Loyalty, it used to be said, was the secret weapon of the Conservative party. That hasn’t been true for some time. Back in 2006, the then MP for Henley wrote of the Tory party having succumbed to ‘Papua New Guinea-style orgies of cannibalism and chief-killing’. Boris Johnson later had to apologise to Papua New Guinea for the insensitivity of that observation. But he wasn’t wrong about the new Tory tendency to kill the chief, as he discovered so painfully last year.
Still, until recently a new party leader could expect a year or two of relative stability, when enemies would stay their spears and doubters would do their best to lend support.
No longer. Rishi Sunak has been Conservative leader and Prime Minister for just three months. His premiership arose from the ashes of Liz Truss’s 49 days in No. 10. Already the rumblings against him are beginning, and not just in private. Lord Greenhalgh, a former colleague of Johnson’s at City Hall, said this week that ‘I don’t see him [Sunak] as an election-winner’. He added that there is a ‘strong probability’ of Johnson returning to Downing Street this year.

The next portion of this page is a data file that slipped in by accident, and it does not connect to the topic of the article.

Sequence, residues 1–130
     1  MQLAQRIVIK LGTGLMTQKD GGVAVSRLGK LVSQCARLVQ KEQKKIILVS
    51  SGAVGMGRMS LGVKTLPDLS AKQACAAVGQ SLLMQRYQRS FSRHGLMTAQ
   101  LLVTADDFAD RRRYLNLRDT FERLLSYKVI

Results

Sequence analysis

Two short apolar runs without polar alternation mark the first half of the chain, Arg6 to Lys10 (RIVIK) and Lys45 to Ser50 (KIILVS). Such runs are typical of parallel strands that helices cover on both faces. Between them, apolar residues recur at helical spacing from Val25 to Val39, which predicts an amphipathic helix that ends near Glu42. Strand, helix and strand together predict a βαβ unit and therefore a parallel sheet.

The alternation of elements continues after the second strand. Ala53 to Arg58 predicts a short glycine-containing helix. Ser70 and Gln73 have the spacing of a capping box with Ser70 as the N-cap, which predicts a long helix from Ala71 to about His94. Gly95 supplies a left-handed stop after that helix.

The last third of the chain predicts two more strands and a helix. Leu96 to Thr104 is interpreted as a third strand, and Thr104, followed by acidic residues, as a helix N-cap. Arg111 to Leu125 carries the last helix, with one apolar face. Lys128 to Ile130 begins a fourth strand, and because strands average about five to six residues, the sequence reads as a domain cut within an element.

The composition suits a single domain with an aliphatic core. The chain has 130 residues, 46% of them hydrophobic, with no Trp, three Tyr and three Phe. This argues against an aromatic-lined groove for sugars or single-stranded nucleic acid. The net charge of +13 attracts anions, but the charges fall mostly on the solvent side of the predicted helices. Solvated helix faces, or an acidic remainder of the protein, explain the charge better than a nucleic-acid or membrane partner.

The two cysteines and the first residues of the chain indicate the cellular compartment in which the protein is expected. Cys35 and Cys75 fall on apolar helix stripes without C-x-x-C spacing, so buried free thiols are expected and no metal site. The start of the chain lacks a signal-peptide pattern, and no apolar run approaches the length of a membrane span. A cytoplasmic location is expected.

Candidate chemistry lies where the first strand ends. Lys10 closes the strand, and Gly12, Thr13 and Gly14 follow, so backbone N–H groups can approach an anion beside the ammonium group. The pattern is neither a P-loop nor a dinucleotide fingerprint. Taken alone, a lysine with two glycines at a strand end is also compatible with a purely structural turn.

It is desperation that’s leading Tories to think in this way. Unlike the pound, the party’s opinion poll ratings have never properly recovered from the debacle of September’s mini-Budget.
Sunak has managed to lift support for the Conservatives from 20 per cent to about 25 per cent, while Keir Starmer’s Labour is holding firm on 45 per cent. This time last year, Johnson’s Tories were ten points behind, hardly unusual for a governing party midway through parliament. Those who deposed him often asked how things could possibly get worse. They have their answer.
In the current environment, only a few dozen Tory MPs can count on retaining their seats.